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Android is Fragmented Except When It’s Not

There is a story this week that Google is trying to, at long last, crack down on a very serious problem with the open source Android OS platform, and that’s fragmentation. Up till now, handset makers, and even those building would-be iPad killers, felt free to tear out parts of the OS and add their own custom themes, and other elements. As a result, Google faced the highly embarrassing prospect, in the Samsung Fascinate, of witnessing Microsoft’s Bing search engine replace their own.

Since Google offers Android free of charge, and that means no licensing fees, they have to depend on search and other features that deliver targeted ads to earn a profit from this venture.

Reports about efforts to tighten up the Android OS indicate that VP of engineering Andy Rubin, one of the creators of Android — who actually began his carrier as a software engineer at Apple years ago — will have the final say on any alterations to the OS.

This change of tune is understandable. Unfettered, your Android phone may be very different from mine; that is, if I actually had an Android phone of course. The OS theme might be altered, default apps swapped out, and proprietary components added. Certainly customers who hoped for something that was predictable, without unexpected interface traps, would feel cheated. As far as app developers were concerned, all those Android “fixes” meant serious complications in making software compatible with as many smartphones and tablets as possible.

And please don’t get me started about the fact that you can’t even depend on getting a critical software update for your Android device. That’s up to the carrier or manufacturer, and they might have other priorities, such as selling you a new model rather than supporting the old one.

When Steve Jobs complained about the fragmentation in the land of Android, Rubin, in an infamous Tweet, used several command line instructions to illustrate the open and accessible nature of the OS. That, to him, is a good thing, or was, until things changed.

This reported crackdown is only the latest attempt by Google to take control of their OS before it twists and turns in the wind in totally unexpected ways. Just recently, Google announced that they had delayed availability of the source code for Android 3.0. code-named Honeycomb, which made its debut on the Motorola Xoom. This position is understandable, in light of the fact that Samsung and other tech companies opted to build tablets a while back with the smartphone version of Android, regardless of the consequences in performance, and forcing customers (the few that bothered) to cope with an interface designed to work on a smaller gadget. It all seemed a desperate move to have something, anything, to sell, even if the customer was poorly served.

Now Rubin and his bosses at Google have the perfect right to dictate terms for gaining access to their OS, just as they have the right to hold off releasing the source code. At the same time, it’s hard to argue in favor of the openness of the Android platform when Google is now taking it in a different direction.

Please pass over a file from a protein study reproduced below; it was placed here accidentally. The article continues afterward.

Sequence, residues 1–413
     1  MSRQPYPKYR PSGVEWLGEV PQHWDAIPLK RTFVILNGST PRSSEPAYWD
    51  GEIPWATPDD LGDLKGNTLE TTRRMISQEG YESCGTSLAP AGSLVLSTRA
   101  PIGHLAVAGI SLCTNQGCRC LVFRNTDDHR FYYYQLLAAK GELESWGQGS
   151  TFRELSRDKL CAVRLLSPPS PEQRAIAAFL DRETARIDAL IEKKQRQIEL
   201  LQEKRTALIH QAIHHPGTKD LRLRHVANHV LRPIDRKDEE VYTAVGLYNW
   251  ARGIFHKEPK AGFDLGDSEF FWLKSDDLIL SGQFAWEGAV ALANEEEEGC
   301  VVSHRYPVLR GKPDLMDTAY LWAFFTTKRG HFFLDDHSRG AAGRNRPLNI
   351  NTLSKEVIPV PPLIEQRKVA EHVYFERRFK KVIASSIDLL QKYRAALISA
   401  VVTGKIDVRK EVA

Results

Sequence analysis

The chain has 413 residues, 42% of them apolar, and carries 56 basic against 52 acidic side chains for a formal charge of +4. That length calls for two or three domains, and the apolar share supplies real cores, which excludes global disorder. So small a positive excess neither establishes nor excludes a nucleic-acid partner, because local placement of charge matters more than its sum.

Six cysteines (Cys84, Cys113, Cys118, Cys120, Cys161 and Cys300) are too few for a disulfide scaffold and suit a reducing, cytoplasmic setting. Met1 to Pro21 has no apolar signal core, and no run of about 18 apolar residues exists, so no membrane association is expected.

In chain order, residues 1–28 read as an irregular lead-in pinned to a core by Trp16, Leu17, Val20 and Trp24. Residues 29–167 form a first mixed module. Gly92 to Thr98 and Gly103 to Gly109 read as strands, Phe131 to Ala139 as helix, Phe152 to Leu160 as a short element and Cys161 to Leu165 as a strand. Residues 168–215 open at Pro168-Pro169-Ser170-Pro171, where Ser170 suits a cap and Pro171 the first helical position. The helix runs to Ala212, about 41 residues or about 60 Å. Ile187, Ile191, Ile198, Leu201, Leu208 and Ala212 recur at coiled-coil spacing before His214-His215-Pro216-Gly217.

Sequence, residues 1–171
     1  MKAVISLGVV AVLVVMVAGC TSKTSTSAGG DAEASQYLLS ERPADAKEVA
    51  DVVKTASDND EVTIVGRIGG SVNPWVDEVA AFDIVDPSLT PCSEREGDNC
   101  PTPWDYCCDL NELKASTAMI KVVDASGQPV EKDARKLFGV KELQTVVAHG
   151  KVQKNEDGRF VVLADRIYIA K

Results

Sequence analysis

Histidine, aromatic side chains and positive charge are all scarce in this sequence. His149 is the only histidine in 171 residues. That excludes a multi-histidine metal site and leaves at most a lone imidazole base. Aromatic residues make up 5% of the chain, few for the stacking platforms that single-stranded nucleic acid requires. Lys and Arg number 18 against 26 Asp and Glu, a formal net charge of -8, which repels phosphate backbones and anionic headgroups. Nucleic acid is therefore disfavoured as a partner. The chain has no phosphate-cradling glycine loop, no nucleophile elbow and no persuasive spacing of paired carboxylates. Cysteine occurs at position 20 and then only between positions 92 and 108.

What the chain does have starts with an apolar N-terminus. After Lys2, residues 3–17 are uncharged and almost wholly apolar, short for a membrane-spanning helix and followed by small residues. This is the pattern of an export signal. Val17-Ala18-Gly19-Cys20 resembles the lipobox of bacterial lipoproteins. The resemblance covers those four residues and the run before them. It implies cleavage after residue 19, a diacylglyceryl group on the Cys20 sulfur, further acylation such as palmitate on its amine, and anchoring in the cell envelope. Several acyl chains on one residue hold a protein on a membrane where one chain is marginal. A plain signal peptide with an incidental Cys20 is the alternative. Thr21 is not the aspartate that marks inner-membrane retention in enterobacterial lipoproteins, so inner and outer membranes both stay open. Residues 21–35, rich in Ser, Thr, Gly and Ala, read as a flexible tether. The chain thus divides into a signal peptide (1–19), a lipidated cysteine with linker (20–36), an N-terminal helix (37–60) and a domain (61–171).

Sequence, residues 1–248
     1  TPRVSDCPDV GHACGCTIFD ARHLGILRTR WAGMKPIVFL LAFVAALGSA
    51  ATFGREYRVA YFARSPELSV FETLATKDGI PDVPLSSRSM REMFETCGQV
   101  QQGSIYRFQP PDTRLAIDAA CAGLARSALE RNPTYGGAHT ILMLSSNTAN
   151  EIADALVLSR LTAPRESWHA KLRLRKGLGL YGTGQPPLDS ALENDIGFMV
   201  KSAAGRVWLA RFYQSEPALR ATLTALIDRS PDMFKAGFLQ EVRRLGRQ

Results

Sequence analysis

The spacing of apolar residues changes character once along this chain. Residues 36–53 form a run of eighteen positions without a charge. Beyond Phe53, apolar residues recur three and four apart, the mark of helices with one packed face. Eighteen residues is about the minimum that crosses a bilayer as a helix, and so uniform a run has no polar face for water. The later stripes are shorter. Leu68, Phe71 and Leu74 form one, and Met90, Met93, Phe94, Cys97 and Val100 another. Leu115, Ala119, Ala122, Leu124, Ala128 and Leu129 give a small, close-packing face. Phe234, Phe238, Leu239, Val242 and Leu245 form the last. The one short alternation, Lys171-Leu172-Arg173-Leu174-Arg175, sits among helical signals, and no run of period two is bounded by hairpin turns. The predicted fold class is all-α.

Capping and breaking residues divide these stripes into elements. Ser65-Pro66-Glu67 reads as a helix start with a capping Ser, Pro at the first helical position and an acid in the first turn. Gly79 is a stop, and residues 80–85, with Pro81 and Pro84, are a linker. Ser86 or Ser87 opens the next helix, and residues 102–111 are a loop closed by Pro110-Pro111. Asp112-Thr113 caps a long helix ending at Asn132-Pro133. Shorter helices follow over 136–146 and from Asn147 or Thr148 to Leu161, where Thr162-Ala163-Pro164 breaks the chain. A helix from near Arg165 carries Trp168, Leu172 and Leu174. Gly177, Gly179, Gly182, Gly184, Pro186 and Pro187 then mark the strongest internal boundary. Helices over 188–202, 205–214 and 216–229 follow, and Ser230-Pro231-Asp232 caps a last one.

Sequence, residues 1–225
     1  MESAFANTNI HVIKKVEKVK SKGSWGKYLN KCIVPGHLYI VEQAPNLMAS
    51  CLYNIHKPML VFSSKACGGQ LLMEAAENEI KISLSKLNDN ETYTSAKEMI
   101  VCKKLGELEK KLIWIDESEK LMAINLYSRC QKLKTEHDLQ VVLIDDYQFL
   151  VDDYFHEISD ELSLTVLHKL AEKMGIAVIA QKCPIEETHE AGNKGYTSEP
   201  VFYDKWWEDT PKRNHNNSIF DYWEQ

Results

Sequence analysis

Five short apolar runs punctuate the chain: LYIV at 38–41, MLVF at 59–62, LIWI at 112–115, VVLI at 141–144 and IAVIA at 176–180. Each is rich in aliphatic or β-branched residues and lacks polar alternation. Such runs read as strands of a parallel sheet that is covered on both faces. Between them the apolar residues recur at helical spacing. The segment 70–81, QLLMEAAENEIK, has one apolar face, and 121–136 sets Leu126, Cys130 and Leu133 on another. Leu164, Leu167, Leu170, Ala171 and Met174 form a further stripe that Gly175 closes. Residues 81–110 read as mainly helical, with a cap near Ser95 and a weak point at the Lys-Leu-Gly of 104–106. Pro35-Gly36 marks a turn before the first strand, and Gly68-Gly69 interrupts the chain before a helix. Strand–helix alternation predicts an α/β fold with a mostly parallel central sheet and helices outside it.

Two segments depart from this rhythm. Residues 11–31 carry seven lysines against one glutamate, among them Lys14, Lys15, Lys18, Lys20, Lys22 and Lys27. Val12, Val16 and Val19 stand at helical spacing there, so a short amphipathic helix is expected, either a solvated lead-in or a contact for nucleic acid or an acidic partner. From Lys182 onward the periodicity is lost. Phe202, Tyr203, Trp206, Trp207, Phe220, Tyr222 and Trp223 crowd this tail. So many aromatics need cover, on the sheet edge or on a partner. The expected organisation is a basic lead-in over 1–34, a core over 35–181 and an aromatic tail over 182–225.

Certainly, I can understand Google’s dilemma. When it comes to the iPad and iPad 2, customers are still lining up to buy them. Despite reports that Apple is improving the lead times and getting product to market, demand still appears to be exceeding supply. This leaves the rest of the market in a tizzy. There are reports that Motorola, after spending a bundle on those awful Xoom ads, plans to replace it with a new model by June. That’s after just a few months on sale, and clear evidence things aren’t going well. Then again, after the retirement of the legendary StarTAC cell phone, which sort of mimicked the famous Star Trek Communicator, Motorola has not been able to create a worthy successor. I’ll grant the RAZR phone was thin and elegant, but it was otherwise a pedestrian handset.

When it comes to smartphones, sure Android has done very well, reportedly holding a higher market share in the U.S. than Apple’s iOS. But that was before the iPhone arrived at the front doors of Verizon Wireless. It’s a sure thing Verizon is pushing the iPhone at the expense of Android product right now. On the long haul, the departure of T-Mobile as a separate company means there will be lots more potential iPhone customers. There will also be fewer choices, and Android will probably suffer worst.

As for Google, no doubt Andy Rubin and his bosses realized that there would be utter chaos if they didn’t assert greater control over the Android platform. If they are going to offer Android as a brand with a singular identity, they can’t allow every single manufacturer and carrier to dictate the final look and feel of their gadgets. Just saying a smartphone comes “with Google” doesn’t actually deliver a strong image to the customer. I mean, people know when they have an iPhone with the iOS. When it comes to Android, other than power users who are up on all that minutiae, how many regular users understand — or even care — what the Android OS is all about? I don’t think the percentages would be very high. Google has to be worried.